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What is Ichiju-Sansai?

What is Ichiju-Sansai?

World-famous Japanese foods like sushi, ramen and sukiyaki are actually not frequently served at the dinner table in ordinary Japanese households. To find more typical home cooking, we need to look at a kind of Japanese cuisine known as ichiju-sansai.

What is ichiju-sansai?

Washoku, or Japanese cuisine, has been recognized by UNESCO as an item of Intangible Cultural Heritage. The foundation of Japanese cuisine since ancient times has been meals made up of one type of soup and three other dishes (one main dish and two sides). In fact, ichi means one and ju means soup, while san is three and sai refers to dishes—so ichiju-sansai literally means, "One soup, three dishes." Rice and pickles are always served as well, but the soup and other dishes are free to change depending upon the season and what you'd like to eat.

What's so good about ichiju-sansai?

One reason why ichiju-sansai is so beloved by Japanese people is how healthy it is. This set menu allows people to eat rice for energy-giving carbohydrates and soup for hydration, while the nutrition of the accompanying dishes balances everything out. Through the many nutritious substances mixing in the stomach, your digestion and ingestion improve, which has the effect of letting you discharge excess fat, sugar and salt. That's why it's so healthy for you!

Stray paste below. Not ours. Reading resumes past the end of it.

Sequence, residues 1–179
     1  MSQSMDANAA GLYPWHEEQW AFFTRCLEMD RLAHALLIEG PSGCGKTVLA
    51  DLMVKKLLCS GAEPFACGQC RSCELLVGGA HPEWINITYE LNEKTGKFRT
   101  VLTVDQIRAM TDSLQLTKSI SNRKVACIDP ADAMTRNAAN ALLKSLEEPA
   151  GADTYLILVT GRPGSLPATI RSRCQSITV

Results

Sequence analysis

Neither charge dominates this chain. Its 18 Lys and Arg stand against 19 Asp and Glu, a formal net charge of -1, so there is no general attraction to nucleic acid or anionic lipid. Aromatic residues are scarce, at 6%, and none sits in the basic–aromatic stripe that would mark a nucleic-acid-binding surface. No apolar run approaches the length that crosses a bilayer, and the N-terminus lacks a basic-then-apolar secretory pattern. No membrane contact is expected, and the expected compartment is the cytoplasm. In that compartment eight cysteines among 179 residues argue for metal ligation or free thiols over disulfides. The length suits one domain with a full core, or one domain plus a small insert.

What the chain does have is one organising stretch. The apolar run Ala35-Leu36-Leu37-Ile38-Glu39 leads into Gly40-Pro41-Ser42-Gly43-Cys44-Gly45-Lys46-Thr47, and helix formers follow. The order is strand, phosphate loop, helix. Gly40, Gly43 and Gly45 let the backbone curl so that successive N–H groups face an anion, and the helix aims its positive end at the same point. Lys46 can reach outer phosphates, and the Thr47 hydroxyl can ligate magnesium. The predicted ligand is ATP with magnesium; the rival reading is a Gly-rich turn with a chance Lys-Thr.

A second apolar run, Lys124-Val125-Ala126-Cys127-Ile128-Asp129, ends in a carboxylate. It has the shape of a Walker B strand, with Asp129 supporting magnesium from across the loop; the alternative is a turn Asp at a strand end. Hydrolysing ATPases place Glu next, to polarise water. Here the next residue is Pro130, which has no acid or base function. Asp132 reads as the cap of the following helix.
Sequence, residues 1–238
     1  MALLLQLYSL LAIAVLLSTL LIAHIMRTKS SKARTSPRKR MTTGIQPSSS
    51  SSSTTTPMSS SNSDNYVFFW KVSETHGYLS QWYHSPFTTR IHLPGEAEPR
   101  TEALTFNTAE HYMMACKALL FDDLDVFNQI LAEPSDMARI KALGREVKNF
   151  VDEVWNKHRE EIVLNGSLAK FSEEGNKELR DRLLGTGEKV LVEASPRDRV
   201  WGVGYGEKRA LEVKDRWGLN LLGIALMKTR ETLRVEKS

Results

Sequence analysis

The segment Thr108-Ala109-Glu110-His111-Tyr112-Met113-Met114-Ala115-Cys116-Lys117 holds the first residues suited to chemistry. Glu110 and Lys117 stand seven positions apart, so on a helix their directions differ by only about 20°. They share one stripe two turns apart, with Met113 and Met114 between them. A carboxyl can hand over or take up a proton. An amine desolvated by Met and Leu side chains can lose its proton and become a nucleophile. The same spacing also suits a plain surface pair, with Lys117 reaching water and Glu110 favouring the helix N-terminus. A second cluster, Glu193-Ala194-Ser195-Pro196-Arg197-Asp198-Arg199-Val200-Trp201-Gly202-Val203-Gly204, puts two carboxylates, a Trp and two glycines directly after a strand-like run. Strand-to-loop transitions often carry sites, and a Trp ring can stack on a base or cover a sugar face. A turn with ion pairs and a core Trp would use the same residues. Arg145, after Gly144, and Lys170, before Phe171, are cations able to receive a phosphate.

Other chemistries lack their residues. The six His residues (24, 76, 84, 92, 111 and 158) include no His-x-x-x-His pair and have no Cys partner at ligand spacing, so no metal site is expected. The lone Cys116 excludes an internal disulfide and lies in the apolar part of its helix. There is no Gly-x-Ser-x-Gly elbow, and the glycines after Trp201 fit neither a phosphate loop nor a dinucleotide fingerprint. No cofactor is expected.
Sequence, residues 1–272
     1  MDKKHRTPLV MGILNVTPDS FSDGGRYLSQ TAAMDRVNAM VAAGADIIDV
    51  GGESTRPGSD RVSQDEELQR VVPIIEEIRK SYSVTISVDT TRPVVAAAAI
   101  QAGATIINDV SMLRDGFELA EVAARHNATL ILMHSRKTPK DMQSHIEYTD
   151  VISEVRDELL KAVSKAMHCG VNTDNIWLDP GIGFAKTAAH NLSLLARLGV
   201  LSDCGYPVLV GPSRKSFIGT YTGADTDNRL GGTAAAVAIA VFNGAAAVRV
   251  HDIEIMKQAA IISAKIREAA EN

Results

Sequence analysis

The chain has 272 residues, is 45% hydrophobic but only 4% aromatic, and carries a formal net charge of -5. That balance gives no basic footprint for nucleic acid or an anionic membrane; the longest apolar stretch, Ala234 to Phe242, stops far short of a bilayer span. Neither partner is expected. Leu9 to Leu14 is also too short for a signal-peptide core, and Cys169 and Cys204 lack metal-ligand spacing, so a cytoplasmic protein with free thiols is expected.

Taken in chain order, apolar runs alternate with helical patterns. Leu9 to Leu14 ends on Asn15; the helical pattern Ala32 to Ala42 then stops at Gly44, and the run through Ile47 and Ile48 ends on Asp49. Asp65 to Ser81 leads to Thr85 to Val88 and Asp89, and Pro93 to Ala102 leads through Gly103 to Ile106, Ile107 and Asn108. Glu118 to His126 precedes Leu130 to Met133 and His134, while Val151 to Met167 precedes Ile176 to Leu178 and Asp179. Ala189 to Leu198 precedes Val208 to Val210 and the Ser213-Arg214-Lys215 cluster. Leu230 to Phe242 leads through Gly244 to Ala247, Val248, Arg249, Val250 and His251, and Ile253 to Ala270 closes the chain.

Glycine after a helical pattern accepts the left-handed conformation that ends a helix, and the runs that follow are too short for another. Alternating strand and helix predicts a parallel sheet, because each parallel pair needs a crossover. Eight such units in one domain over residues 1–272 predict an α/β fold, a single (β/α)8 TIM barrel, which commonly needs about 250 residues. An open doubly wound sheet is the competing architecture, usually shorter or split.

The principles of ichiju-sansai

Fermented foods such as miso and soy sauce, which are an indispensable part of Japanese cuisine, help keep the digestive system in good condition. Also, using a richly flavored dashi (soup stock) allows us to give a depth of flavor to our dishes while keeping salt levels to a minimum.

Another thing to keep in mind is whether the ingredients being used are in season. Naturally, we want to capture all those wonderful nutrients and use them to boost our own immune systems.

How do you make ichiju-sansai?


The key point is to ensure that there are no clashes between the ingredients and the cooking methods used. Main dishes usually consists of protein-rich foods such as fish, egg or tofu, whereas side dishes can be potatoes, vegetables, beans, mushrooms, seaweed, etc., all of which provide vitamins, minerals and fiber.
With the soup (often miso soup), it's possible to incorporate every kind of nutrient in one go, and heating up the vegetables makes it easier to eat them in large amounts. This helps us take on all the fiber we need.
With ichiju sansai, all you have to do to maintain good nutrition is to combine the in-season fish, meat and vegetables you want to eat, and cook them while being conscious of overall quantity and the number of dishes to be prepared. Why not try making ichiju-sansai a part of your healthy and delicious diet?

For more information about ingredients, please look here!